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Spring 2009, Issue 10

What Came First—the Galaxy or the Black Hole?

Marianne VestergaardMarianne Vestergaard, PhD, joined the Department of Physics and Astronomy in 2007. Vestergaard earned her MSc and PhD in astrophysics from the astronomy department of the Niels Bohr Institute at the University of Copenhagen. She did dissertation research at the Harvard-Smithsonian Center for Astrophysics and postdoctoral research at Ohio State University and the University of Arizona. Her research interests include the physics of the nuclear engines of quasars, the mass of black holes, and the relation of an active black hole to its galaxy.

When you look deep into the night sky, you are looking back in time. The light from distant galaxies takes time to travel the vast distances across the universe to Earth. So we see distant galaxies as they were millions or billions of years ago when light left them. Vestergaard analyzes data from large telescopes that detect visible light and other electromagnetic radiation. Looking at these data, she can see the effects of events that occurred soon after the universe came into being, when galaxies were forming. “The universe we believe right now is 13.8 billion years old, so we know and study quasars where the light has been traveling for up to 13 billion years,” says Vestergaard.

Most of the data Vestergaard is currently working with are from the Sloan Digital Sky Survey, a collaborative project that maps part of the universe from Apache Point Observatory in New Mexico. “The idea was to survey about a quarter of the sky and go very deep—deeper than has ever been done before—and do both imaging and spectroscopy,” says Vestergaard. “Spectroscopy gives us information about the intensity at different frequencies and different energies, and that’s really a fingerprint of what that object contains. What elements are in there? How fast are things moving? What is the temperature of the object? It’s a bit like a genetic code.”

A black hole is a region of space with gravity so strong that not even light can escape. Scientists believe all galaxies have black holes. Our own Milky Way Galaxy has a relatively small, quiet black hole. Some black holes are supermassive and extremely active. An active galactic nucleus, which is composed of a supermassive black hole and its surrounding accretion disk of matter, emits vast amounts of energy (as visible light and other electromagnetic radiation) as matter is pulled into the black hole.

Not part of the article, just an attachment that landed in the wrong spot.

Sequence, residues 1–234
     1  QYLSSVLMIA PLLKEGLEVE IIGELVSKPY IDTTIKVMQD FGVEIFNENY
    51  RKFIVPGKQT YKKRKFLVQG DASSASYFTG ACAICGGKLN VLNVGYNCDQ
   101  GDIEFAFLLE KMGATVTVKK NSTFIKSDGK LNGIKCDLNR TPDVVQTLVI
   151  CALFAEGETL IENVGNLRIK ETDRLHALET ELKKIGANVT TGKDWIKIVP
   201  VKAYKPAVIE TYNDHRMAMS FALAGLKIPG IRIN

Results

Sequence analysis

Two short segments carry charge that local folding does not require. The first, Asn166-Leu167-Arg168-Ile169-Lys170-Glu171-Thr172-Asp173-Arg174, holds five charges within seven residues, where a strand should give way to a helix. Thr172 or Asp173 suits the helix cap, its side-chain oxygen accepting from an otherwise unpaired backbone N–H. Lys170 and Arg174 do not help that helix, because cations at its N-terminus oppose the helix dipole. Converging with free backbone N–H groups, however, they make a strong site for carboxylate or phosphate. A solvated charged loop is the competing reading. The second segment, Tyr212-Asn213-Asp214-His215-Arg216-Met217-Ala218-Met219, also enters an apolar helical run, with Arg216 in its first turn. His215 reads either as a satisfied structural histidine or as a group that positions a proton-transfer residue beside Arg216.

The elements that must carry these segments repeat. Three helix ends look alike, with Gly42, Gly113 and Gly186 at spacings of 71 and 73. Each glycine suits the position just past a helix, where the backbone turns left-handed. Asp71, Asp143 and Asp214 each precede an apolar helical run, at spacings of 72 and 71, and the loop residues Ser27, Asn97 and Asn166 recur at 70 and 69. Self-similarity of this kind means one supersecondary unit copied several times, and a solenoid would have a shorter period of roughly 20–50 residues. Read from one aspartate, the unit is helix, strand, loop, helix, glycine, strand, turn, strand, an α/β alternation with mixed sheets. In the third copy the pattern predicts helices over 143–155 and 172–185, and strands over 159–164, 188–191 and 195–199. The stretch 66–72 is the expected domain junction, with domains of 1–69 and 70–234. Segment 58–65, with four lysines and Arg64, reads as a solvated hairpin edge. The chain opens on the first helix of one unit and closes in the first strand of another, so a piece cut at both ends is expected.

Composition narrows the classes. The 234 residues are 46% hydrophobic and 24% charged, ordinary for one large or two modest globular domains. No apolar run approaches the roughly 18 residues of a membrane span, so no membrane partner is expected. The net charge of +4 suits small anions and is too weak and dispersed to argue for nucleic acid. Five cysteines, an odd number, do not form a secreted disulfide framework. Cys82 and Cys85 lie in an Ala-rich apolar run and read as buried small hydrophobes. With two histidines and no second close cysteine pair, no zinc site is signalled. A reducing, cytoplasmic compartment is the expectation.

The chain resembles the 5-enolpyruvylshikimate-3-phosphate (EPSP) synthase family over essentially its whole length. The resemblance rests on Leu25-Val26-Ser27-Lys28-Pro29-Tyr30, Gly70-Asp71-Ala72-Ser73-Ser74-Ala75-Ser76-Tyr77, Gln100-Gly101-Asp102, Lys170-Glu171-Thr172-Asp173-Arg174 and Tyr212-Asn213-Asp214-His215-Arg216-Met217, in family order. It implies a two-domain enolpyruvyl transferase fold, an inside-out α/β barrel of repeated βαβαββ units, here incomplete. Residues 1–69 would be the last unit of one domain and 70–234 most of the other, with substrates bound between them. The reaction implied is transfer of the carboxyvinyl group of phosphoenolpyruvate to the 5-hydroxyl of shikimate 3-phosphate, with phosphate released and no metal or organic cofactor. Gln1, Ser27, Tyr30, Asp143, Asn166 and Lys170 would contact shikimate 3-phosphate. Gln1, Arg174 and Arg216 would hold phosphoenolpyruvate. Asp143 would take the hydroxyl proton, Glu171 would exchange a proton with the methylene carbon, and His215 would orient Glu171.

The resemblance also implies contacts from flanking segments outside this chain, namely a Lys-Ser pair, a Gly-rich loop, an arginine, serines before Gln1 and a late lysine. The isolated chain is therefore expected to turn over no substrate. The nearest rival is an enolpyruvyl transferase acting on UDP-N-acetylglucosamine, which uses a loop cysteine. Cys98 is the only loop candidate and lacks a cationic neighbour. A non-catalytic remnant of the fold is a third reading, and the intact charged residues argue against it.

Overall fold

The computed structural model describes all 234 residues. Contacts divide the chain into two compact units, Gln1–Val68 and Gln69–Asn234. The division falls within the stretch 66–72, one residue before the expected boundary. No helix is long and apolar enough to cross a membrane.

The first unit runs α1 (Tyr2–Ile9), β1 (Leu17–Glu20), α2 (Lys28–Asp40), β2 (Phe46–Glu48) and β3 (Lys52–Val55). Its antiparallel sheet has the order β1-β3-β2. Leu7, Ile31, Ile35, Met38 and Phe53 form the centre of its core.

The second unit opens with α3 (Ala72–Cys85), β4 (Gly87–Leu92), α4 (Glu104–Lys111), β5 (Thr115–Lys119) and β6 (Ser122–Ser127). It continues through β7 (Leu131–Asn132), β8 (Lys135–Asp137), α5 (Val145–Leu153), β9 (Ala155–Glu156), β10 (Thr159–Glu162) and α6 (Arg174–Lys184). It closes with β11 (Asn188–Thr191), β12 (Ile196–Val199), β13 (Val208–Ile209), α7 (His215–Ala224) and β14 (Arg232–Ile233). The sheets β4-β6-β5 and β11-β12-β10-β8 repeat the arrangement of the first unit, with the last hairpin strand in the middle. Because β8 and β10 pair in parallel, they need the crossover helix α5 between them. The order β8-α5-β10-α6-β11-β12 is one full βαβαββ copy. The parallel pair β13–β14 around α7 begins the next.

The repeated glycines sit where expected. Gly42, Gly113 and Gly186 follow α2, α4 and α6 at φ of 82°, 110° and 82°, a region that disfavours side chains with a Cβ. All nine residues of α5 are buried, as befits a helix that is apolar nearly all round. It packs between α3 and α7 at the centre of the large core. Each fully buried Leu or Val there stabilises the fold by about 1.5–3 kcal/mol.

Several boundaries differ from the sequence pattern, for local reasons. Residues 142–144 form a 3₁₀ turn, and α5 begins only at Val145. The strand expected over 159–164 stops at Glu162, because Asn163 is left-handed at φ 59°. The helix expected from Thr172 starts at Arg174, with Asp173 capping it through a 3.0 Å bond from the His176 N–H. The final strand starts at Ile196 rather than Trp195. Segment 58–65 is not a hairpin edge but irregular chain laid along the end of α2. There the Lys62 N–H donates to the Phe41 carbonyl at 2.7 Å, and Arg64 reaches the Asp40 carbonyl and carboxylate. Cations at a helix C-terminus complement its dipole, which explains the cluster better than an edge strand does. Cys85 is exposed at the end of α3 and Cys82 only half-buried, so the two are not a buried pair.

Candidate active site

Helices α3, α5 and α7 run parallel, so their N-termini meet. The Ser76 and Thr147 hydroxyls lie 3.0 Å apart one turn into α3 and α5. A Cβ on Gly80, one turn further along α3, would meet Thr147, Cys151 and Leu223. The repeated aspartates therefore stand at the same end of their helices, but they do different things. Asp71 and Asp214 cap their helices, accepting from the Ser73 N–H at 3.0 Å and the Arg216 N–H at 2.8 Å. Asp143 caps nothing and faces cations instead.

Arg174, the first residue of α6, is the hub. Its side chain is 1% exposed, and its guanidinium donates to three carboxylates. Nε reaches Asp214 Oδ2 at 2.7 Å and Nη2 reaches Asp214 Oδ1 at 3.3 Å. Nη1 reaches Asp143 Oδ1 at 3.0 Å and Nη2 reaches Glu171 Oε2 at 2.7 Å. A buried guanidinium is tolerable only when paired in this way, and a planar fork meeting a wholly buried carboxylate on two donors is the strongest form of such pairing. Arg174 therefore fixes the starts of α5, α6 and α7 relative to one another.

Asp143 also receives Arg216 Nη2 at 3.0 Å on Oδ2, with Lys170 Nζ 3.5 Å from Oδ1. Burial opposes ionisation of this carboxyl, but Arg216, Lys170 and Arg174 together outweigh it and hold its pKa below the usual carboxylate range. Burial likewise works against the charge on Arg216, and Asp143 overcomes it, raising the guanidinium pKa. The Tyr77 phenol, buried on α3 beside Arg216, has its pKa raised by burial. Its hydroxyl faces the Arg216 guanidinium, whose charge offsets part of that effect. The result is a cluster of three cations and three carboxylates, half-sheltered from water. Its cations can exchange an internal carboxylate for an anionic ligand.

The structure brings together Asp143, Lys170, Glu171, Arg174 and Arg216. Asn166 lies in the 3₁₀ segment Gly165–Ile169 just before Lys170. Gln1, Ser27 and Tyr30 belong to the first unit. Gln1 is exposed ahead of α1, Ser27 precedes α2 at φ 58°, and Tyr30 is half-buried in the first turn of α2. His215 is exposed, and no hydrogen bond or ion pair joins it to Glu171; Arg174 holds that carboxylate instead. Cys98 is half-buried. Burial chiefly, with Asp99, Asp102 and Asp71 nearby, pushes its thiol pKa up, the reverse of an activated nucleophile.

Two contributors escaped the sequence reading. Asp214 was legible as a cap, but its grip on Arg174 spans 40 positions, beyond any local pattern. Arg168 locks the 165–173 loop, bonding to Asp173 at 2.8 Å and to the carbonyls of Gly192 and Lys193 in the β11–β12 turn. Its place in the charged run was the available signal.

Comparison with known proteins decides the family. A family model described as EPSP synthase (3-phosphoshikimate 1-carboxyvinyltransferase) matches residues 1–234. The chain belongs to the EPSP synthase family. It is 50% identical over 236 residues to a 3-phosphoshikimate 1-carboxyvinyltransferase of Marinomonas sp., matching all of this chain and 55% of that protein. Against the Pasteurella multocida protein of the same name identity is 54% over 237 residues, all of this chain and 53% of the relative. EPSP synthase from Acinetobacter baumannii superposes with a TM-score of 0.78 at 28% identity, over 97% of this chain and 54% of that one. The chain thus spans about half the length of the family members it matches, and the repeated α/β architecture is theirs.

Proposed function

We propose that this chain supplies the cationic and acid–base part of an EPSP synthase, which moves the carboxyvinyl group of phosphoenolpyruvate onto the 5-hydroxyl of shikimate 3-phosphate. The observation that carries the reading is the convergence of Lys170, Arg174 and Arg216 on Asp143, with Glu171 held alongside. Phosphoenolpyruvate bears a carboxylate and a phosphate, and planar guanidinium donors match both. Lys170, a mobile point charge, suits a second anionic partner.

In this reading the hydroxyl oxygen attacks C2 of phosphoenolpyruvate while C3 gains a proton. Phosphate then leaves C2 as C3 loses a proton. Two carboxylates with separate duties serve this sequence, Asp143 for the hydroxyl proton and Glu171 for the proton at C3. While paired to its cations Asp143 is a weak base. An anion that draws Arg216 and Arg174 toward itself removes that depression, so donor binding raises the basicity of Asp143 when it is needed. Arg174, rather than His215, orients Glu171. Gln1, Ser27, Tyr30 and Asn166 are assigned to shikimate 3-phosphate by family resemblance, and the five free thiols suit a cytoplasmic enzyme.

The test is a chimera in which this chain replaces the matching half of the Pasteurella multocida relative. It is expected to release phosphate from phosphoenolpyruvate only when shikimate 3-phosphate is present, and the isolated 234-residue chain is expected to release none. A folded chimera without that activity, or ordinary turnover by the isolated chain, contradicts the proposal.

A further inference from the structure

Galaxies are thought to have formed from matter and energy that originated in the Big Bang, the theoretical explosion that started the expansion of the universe. How supermassive black holes formed at the center of active galaxies is under lively debate. The dominant school of thought is that matter clumped together to form stars during the initial phases of the first galaxies, and some stars were so large and dense that they could not withstand their own gravity and imploded to create black holes. Another school of thought, to which Vestergaard’s research has contributed, is that black holes came into being first and stars formed around them to create galaxies.

Eight to ten years ago, astronomers had data from only 4,000 or so very distant and very bright active galactic nuclei called quasars. Thanks to the Sloan Digital Sky Survey, they now have data from nearly 100,000 quasars, and these data were obtained using the same telescope and instruments, and with the same observing and selection criteria. “That means now we can do statistics!” Vestergaard says with a broad smile. “I’ve been taking the spectra, modeling them, and using the measurements to determine the mass of black holes. Then I’ve been looking at what the distribution is across the age of the universe, and we’re finding that even early on black holes are very massive.” She has also found evidence that the galaxies around these early supermassive black holes were very young, with intense star formation. Other astronomers have established that the mass of a black hole and the mass of its galaxy are strictly correlated. These data support the theory that early black holes formed first and galaxies formed around them. “But we need a lot more data on this to know for sure if this hypothesis is correct,” says Vestergaard.

The James Webb Space Telescope is a large, infrared-optimized instrument scheduled for launch in 2013 that should provide data that will help astronomers answer some of these questions. Until then, Vestergaard is hard at work optimizing the use of currently available data. She would like to collaborate with a computer scientist or statistician interested in astronomy, or an astronomer interested in specializing in astrophysical statistics. Vestergaard believes the paucity of such specialists is holding the field of astronomy back. “There are a few statisticians that we rely on,” says Vestergaard. “There are only probably a handful of people in the entire field, compared to how many thousands of astronomers there are.” Vestergaard welcomes anyone interested in collaboration or more information on her research to contact her at m.vestergaard@tufts.edu.

For more information on Vestergaard’s research, please go to http://cosmos.phy.tufts.edu/~mveste01.

 

 

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